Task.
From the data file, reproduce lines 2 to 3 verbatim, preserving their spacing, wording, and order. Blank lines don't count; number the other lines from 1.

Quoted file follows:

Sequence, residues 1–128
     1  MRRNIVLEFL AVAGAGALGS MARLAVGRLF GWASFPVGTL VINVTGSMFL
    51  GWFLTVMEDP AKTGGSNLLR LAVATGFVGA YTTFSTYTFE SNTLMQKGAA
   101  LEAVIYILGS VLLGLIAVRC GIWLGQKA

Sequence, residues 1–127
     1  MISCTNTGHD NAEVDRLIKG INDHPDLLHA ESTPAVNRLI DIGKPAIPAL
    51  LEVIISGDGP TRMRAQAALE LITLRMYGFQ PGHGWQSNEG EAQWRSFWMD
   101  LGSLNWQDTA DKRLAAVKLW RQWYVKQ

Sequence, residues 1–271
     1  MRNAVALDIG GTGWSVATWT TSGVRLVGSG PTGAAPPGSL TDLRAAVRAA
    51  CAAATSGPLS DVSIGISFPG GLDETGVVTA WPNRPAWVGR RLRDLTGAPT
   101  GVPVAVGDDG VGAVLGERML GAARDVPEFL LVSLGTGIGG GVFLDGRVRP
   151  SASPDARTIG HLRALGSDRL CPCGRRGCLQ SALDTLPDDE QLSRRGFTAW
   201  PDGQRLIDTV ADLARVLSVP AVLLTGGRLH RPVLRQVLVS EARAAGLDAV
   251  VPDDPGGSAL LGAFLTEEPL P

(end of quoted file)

     1  MRRNIVLEFL AVAGAGALGS MARLAVGRLF GWASFPVGTL VINVTGSMFL
    51  GWFLTVMEDP AKTGGSNLLR LAVATGFVGA YTTFSTYTFE SNTLMQKGAA